Commentary Magazine


FISA Standoff

At a brief appearance at the White House this morning, President Bush tried to turn up the heat on the House Democrats. They have proposed an alternative version of the FISA reauthorization bill, rather than allowing a straight up-or-down vote on the Senate version (which passed by a 68-29 margin). Bush noted that the 21-day extension on the existing statute passed on Saturday and that the House measure is just a rehash of versions previously rejected by the Senate. On the hot-button issue of immunity for telecom companies, Bush explained that:

the House bill fails to provide liability protection to companies believed to have assisted in protecting our nation after the 9/11 attacks. Instead, the House bill would make matters even worse by allowing litigation to continue for years. In fact, House leaders simply adopted the position that class action trial lawyers are taking in the multi-billion-dollar lawsuits they have filed. This litigation would undermine the private sector’s willingness to cooperate with the intelligence community, cooperation that is absolutely essential to protecting our country from harm. This litigation would require the disclosure of state secrets that could lead to the public release of highly classified information that our enemies could use against us. And this litigation would be unfair, because any companies that assisted us after 9/11 were assured by our government that their cooperation was legal and necessary. Companies that may have helped us save lives should be thanked for their patriotic service, not subjected to billion-dollar lawsuits that will make them less willing to help in the future. The House bill may be good for class action trial lawyers, but it would be terrible for the United States.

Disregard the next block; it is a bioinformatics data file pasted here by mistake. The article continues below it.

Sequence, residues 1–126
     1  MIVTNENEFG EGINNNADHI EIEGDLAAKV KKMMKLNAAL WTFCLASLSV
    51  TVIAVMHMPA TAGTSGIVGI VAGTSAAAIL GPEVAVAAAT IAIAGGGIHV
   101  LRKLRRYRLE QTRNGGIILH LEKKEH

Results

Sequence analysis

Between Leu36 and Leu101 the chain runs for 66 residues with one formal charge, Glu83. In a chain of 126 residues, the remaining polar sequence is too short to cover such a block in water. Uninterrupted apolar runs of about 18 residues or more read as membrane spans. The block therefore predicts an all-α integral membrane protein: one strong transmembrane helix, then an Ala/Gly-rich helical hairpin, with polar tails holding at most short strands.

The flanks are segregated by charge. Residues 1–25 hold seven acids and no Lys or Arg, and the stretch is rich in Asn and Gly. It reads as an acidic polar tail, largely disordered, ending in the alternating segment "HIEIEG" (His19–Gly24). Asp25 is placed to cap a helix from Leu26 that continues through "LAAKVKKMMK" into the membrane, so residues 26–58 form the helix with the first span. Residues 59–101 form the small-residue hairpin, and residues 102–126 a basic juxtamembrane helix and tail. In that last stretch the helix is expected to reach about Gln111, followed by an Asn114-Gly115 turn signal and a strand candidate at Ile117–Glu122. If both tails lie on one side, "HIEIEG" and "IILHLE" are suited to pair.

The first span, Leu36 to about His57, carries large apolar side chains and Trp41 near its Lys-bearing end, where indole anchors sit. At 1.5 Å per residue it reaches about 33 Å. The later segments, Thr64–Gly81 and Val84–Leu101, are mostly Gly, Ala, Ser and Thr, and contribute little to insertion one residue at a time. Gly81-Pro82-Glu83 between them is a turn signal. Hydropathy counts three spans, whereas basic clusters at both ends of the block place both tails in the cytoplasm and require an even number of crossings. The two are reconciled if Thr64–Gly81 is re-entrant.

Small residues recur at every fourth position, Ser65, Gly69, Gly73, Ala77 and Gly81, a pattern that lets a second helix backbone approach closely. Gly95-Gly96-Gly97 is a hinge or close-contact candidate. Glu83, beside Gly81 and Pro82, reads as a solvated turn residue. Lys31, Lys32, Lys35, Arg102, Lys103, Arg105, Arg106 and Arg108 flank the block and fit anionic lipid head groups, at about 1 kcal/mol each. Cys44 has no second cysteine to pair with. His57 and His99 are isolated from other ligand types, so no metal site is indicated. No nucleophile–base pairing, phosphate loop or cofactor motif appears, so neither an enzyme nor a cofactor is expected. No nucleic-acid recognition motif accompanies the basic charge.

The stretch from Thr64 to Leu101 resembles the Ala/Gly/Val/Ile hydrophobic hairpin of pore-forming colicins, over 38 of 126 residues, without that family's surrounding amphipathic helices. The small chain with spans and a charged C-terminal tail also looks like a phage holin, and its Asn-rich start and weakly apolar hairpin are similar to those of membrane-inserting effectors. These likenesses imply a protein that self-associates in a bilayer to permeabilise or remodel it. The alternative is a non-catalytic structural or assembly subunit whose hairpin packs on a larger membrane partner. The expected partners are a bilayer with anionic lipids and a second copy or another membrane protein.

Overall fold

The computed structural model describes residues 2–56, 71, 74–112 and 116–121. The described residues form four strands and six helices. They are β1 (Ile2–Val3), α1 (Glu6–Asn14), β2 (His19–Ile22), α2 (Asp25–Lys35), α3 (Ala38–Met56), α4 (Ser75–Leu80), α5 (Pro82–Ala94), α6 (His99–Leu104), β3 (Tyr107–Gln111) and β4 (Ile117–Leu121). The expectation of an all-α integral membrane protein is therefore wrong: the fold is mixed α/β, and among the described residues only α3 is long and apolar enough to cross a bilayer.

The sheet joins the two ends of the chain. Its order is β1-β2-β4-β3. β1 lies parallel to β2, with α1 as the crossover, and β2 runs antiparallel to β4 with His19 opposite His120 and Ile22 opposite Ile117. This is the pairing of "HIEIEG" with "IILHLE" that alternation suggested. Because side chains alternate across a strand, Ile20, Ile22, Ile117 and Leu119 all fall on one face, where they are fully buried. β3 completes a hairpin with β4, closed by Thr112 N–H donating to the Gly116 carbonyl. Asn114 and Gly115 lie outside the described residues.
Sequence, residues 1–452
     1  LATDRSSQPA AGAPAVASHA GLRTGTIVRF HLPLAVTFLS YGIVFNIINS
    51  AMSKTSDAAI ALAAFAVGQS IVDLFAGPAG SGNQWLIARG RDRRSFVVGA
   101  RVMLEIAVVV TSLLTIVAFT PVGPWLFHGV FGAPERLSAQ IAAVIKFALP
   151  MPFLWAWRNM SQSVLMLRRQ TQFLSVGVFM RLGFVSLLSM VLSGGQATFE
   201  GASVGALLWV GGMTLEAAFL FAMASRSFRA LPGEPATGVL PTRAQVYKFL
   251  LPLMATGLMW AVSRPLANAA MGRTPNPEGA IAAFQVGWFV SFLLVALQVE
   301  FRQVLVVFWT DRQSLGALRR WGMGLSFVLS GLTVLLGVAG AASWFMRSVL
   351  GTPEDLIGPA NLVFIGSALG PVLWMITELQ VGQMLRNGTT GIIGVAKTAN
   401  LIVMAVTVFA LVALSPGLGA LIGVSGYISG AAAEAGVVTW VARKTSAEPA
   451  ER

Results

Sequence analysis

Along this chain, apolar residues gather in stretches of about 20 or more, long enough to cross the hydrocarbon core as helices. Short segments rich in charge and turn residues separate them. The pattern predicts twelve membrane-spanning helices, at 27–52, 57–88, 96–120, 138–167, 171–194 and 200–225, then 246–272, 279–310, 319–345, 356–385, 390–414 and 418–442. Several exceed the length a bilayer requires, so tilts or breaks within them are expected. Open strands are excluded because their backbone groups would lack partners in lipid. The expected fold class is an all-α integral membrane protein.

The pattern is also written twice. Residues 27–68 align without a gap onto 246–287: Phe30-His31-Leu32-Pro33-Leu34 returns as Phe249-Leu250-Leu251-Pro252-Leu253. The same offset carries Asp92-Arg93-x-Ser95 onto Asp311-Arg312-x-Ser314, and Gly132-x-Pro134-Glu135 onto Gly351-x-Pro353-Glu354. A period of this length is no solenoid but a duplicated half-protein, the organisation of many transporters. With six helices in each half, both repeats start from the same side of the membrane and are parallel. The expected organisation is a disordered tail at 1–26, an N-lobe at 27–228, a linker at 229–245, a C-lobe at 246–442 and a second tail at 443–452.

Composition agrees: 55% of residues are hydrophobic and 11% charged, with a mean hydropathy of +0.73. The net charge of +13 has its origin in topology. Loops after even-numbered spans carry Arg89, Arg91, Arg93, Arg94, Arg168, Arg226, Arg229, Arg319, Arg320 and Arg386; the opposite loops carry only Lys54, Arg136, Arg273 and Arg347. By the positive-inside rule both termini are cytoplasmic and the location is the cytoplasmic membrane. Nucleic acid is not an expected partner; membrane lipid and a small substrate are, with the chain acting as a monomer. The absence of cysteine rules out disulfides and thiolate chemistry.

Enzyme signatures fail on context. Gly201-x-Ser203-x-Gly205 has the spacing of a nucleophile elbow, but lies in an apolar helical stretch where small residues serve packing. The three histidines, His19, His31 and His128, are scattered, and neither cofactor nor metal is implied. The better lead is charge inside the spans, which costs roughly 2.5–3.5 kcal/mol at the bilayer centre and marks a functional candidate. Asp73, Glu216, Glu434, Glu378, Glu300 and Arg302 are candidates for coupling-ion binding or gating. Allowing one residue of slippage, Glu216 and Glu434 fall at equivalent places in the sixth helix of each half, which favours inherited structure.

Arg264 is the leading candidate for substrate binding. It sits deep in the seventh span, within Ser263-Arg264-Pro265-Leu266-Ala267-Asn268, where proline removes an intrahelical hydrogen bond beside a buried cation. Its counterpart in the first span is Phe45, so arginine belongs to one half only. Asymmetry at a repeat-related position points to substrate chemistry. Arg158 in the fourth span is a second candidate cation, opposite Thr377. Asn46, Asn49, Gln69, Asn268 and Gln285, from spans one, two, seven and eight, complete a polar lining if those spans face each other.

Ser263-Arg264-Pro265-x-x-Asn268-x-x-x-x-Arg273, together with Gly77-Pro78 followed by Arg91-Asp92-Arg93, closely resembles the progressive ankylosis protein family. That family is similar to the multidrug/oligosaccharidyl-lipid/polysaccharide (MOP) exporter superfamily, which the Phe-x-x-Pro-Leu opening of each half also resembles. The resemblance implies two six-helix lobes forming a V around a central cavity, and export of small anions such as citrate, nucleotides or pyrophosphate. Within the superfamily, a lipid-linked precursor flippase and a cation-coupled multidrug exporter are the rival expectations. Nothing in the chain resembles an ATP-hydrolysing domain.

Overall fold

Then word came that the House Republicans are going to do their part in putting the squeeze on their Democratic colleagues. They will call a “closed session” for up to one hour later today. A GOP memo explained:

The reason for calling a closed session is so that all members of the House can be present to discuss and have a candid debate on the importance of passing a long-term modernization of our nation’s foreign surveillance.

On both the merits and the politics of this, Bush and the Congressional Republicans seem to have the upper hand. Other than the trial lawyers, few Americans will be pleased to learn that, in the balance between national security and the trial bar, the Democrats apparently are more concerned about the latter.

For the Democratic presidential candidates, this poses a sticky problem. Yes, they do not want to antagonize their liberal base (or their supporters among the trial bar). But they are supposedly in favor of “smart” tactics to fight terrorism. And it’s hard to be “smart” when you’re telling phone companies not to bother cooperating with surveillance of international calls from suspected terrorists. (I wonder how many of those ex-generals and intelligence officers Democrats parade out for endorsements favor the House bill. At least one does not.)

Both Hillary Clinton and Barack Obama managed to avoid voting on the passage of the final Senate bill. But Obama voted against cloture for it, with Clinton again managing to escape a recorded vote. How long before this works its way into a John McCain ad?